Stephen Hine, Head of Market Development at EIRIS said, “I welcome this guide as a timely reminder of the benefits for charities of SRI especially in terms of focussing investors attention on the importance of the long-term impact of their investments, both financially and also on the achievement of the charities overall purpose.”
Julian Blake, partner, Bates Wells & Braithwaite said, “this guide should assist charity trustees in the important appreciation of the real scope they have for making investment decisions by reference to socially responsible criteria properly linked to their charity's purposes.”

Unlocking Socially Responsible Investment will be launched at a morning seminar on 2nd March 2010. The seminar will open with thoughts from Rt Revd Lord Harries of Pentregarth (formerly Bishop of Oxford) and Lord Philips of Sudbury OBE (legal advisor to Richard Harries in the case Bishop of Oxford and others vs. the Church Commissioners of England). The audience will then hear the perspectives of the report’s authors and from the Charity Commission, on their revision of Investment of Charitable Funds (CC14).

Members wishing to attend can book a place here.

Journalists wishing to attend the launch should contact Kate Hand, at kate.hand@cfdg.org.uk, or on 020 7785 6419.

- Ends -


Notes to Editors:

The Charity Finance Directors' Group (www.cfdg.org.uk) was established in 1987. It is an umbrella group that specialises in helping charities to manage their finance-related functions. CFDG’s circa 1,600 plus members are responsible for the finances of charities with a wide variety of income levels. Between them our members manage circa £14 billion in charity income per year.

Newton Investment Management Ltd (www.newton.co.uk) manages over £42.1 billion* on behalf of charities, institutions and individuals. Charity investment services include a segregated portfolio management service and a balanced charity common investment fund, the Global Growth & Income Fund for Charities. More than half the charitable assets are governed by charity-specific SRI and ethical policies and the team provides bespoke screening and policy guidance to clients. * as at 31.12.09.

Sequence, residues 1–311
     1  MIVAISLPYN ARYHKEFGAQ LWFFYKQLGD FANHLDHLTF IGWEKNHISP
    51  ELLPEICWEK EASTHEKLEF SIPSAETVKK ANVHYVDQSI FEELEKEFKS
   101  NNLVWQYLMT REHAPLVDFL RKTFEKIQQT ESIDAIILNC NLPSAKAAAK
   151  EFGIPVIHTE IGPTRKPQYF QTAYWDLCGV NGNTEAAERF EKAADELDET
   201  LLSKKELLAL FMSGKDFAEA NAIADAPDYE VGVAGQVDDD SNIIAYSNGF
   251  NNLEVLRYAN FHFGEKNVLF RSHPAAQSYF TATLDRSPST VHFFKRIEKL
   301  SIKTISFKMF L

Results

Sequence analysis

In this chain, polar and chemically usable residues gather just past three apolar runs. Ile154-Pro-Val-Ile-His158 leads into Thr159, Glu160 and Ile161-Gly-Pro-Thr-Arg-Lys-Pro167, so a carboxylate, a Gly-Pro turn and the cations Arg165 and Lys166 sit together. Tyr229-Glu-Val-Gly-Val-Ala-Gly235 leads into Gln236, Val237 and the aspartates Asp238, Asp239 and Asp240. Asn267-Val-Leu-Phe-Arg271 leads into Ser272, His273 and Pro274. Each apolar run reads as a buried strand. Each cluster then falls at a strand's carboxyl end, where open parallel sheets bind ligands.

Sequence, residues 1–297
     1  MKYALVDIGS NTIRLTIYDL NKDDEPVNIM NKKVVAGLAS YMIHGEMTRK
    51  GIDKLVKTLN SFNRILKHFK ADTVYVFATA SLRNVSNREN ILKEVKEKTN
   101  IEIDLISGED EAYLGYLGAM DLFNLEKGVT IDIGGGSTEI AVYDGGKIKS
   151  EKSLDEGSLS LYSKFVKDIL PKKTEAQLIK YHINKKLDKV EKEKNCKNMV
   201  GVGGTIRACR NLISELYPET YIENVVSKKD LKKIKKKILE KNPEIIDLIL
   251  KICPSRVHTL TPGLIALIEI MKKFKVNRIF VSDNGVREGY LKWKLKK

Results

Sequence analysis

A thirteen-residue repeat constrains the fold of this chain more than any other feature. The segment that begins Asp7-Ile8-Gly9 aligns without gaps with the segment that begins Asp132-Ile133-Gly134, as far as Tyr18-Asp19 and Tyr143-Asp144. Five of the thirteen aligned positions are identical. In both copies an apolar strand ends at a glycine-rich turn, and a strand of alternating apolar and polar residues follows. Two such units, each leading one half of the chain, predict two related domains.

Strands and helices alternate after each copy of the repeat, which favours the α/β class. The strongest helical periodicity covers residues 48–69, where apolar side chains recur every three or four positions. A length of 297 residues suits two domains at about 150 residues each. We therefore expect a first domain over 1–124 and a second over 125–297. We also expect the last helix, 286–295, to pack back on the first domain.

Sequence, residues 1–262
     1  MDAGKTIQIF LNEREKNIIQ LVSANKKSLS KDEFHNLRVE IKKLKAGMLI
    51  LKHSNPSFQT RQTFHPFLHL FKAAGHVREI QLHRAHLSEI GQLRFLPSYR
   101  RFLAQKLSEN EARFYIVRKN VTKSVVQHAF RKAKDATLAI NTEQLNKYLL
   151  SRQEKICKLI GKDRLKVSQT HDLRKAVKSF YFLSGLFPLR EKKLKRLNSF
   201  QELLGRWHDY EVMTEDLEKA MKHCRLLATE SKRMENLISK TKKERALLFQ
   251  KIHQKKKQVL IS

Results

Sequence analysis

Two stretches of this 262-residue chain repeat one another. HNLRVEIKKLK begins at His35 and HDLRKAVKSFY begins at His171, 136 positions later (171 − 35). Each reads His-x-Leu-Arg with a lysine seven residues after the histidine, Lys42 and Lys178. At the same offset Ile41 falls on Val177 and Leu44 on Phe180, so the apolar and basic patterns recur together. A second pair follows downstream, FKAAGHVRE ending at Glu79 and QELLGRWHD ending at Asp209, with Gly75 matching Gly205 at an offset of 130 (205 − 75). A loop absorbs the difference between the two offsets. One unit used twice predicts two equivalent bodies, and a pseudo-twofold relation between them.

The EIRIS Foundation (www.eirisfoundation.org) is a charity that supports and encourages responsible and ethical investment. It promotes research into the social and ethical aspects of companies and provides other charities with information and advice to enable them to choose investments which do not conflict with their objectives. Its wholly owned subsidiary, EIRIS, is a leading global provider of independent research into the environmental, social, and governance (ESG), and ethical performance of companies.

Bates Wells & Braithwaite London LLP (BWB) (www.bateswells.co.uk) is a full service commercial law firm, based in the City of London, serving a wide range of commercial, statutory, charity and social enterprise clients and their owners and managers. BWB is widely regarded as the leading charity, social enterprise and not-for-profit law firm in the country and is recognised as such by the leading guides to the legal profession, Chambers UK and the Legal 500.